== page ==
Friday, May 14, 2010

The Glass "Atelier" in Maine

Ken explains some fundamentals about hot glass to Alexander
My study of glass followed many methods of learning, graduate school, apprenticeships, workshops at national art centers and good old independent study. I remember studying art in Italy and coming to understand that in the past, children began learning their chosen or family craft at the early age of 14. I remember wishing we had a culture like that today. A culture that channeled all that youthful energy and seeking into a PRACTICAL pursuit an empowering pursuit and an example of living excellence rather than virtual excellence. In a great biography of Michelangelo,* his study of stone work began at that age and it is described with all the drama and glamor worthy of a young future master artist...For this reason when anyone asks me the minimum age requirement for studying glass I always answer 14 .
Well here in Maine where life IS as it should be, a small school in Blue Hill called the Bay School requires the 8th grade students to do an intensive independent study, their age , 14.
This year we had the distinct honor to give private lessons to one such student, Alexander. A VERY mild mannered, Quiet young man. instead of playing tennis this spring Alexander would come everyday after school (and mornings on Saturdays) to take lessons in hot glass work. His first gathers out of the furnace summoned courage I am not sure Alexander knew he had. Moving around the hot shop with flowing light filled molten glass and tooling it with increasing skill required more than concentration. During his training Alexander met his inner artist, his creative voice, he had to make split second decisions at the bench to coax a beautiful form from the hot hot goo, --no time to rethink or doubt! During this mentor ship Ken Perrin and he discovered a mutual love of basketball and daily reviewed the playoff progress of the Boston Celtics, Soon a shy young man became a gracefully confident sunglass wearing cool "guy". Alexander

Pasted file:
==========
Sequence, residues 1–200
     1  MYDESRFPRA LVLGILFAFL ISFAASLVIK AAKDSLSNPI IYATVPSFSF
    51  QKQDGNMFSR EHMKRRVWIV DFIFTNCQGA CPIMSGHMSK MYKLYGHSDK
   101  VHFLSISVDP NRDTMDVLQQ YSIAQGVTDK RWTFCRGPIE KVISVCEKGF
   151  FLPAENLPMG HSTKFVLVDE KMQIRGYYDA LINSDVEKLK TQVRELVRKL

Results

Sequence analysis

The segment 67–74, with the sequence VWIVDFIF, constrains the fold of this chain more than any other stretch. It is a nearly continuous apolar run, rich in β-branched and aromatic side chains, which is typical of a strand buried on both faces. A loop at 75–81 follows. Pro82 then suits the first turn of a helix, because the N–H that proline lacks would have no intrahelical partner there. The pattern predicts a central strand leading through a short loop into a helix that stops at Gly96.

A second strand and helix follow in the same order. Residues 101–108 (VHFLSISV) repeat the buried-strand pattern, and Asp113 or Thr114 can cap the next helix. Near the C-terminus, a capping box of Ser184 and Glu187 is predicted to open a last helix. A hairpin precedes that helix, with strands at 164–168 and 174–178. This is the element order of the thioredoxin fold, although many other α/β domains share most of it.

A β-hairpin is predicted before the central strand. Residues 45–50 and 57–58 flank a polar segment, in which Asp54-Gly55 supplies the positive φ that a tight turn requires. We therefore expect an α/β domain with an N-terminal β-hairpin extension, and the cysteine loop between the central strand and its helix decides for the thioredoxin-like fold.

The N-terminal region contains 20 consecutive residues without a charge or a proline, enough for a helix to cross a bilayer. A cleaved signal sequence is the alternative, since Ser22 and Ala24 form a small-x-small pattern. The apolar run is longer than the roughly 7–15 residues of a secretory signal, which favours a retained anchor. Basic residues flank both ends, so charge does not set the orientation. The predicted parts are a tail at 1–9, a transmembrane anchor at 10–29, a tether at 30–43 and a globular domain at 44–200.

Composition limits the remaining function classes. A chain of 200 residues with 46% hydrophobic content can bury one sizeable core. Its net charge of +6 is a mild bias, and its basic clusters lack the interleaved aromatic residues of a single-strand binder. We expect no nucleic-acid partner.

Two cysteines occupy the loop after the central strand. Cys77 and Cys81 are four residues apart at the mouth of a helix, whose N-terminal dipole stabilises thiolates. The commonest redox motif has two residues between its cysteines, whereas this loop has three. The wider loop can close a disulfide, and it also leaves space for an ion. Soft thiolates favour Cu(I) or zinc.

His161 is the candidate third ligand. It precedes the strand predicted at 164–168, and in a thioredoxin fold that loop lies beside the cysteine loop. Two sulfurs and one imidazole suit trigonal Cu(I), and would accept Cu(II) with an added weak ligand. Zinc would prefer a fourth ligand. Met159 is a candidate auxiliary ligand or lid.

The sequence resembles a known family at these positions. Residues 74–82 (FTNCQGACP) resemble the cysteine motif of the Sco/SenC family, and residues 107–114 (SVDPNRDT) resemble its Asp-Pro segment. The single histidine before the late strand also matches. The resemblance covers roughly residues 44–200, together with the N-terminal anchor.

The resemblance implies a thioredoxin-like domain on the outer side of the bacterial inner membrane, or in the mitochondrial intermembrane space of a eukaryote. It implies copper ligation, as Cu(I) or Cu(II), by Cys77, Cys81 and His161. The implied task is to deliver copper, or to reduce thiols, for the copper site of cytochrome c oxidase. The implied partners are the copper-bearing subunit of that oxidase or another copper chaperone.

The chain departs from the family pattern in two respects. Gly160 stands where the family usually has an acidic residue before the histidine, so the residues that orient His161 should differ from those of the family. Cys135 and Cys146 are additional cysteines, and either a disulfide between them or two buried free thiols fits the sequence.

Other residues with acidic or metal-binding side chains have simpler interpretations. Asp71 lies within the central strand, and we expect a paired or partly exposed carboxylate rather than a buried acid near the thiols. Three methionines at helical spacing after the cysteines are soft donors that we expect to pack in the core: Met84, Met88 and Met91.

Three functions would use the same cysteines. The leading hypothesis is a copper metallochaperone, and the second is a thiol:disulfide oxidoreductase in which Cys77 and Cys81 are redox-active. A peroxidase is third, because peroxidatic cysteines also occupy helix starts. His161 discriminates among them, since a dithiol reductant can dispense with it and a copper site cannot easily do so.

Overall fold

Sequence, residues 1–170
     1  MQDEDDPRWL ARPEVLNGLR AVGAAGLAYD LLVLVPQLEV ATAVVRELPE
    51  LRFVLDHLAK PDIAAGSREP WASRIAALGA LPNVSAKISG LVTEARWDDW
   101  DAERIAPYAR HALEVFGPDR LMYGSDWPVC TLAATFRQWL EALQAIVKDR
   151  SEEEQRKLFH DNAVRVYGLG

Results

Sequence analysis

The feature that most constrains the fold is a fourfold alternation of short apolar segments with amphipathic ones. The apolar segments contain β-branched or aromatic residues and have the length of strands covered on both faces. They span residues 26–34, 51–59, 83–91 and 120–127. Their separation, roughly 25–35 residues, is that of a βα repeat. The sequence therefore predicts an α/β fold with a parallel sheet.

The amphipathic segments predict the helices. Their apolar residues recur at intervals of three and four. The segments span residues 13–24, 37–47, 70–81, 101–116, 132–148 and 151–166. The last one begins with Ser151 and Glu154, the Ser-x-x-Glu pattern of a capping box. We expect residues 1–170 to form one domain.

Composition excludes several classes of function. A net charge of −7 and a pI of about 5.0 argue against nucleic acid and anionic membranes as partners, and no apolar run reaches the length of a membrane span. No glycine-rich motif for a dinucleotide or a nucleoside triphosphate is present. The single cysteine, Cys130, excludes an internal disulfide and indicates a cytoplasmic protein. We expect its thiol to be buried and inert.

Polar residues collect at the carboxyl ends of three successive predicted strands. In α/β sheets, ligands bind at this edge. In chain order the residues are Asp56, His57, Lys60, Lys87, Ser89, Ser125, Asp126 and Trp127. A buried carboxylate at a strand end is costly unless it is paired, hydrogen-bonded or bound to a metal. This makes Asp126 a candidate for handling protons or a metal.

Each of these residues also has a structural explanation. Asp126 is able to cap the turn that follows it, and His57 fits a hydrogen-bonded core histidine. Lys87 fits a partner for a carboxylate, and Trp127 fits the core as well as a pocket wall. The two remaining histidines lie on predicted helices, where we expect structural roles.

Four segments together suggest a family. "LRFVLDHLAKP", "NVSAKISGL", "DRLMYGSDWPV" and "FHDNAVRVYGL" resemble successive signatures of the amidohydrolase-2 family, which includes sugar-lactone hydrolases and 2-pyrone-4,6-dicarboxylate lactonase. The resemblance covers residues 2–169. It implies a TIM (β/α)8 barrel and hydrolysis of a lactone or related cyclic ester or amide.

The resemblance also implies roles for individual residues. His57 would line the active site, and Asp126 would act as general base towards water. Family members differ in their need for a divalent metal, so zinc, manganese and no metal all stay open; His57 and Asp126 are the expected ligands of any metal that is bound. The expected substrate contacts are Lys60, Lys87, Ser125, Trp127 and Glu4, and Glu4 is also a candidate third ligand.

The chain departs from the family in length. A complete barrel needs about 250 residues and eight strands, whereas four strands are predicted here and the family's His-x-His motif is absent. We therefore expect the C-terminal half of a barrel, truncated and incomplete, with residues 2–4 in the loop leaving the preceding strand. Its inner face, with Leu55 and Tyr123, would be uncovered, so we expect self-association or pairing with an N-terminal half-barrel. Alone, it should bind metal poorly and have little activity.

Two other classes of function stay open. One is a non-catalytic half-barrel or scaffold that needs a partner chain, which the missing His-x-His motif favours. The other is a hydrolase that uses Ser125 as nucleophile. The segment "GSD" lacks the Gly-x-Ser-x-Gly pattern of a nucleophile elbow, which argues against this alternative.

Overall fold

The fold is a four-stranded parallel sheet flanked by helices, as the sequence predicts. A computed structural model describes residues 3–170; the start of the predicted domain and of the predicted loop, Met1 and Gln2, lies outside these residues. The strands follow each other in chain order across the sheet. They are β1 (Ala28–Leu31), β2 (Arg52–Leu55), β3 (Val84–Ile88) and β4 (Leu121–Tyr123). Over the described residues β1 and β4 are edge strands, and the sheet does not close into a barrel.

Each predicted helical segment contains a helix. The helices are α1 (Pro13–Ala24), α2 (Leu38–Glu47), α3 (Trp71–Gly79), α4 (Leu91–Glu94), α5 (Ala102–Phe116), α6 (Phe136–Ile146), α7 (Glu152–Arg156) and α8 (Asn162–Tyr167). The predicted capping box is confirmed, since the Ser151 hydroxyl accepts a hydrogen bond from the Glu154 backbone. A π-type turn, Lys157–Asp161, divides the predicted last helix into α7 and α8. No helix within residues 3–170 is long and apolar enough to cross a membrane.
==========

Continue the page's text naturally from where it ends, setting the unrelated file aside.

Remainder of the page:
The skills Alexander gained in the manipulation of hot glass will wow everyone for a long time, but the inner glow that jumped from the end of a heavy multi gathered gob of glass, to the core of this new human is one that will remain, no matter how he chooses to reach his potential. The Quatrocento Italians were right again, as usual, the Michelangello's of the future come from parental support and creative education as early as possible.
Alexander demonstrates his 8th grade project to the students, faculty, friends and family at the Bay School, Blue Hill, Maine

*The Agony and the Ecstasy: A Biographical Novel of Michelangelo by Irving Stone

1 comment:

Kymmie said...

Just wanted to write a quick hello and thank you to you for spending time with us today as we shopped in your gallery. What beautiful creations you have done! I love the jewelry that you do Linda and Ken thank you for taking out the time to help us JUST the perfect piece for Chris' mother for her birthday tomorrow. Even though she has terminal cancer... the red heart is a perfect piece. We are so honored to have pieces from your lovely creativity! It was an honor to meet you. Please visit my blog when you can!!
Sincerely and always a faithful follower/customer!
Kymmie and Chris Marriner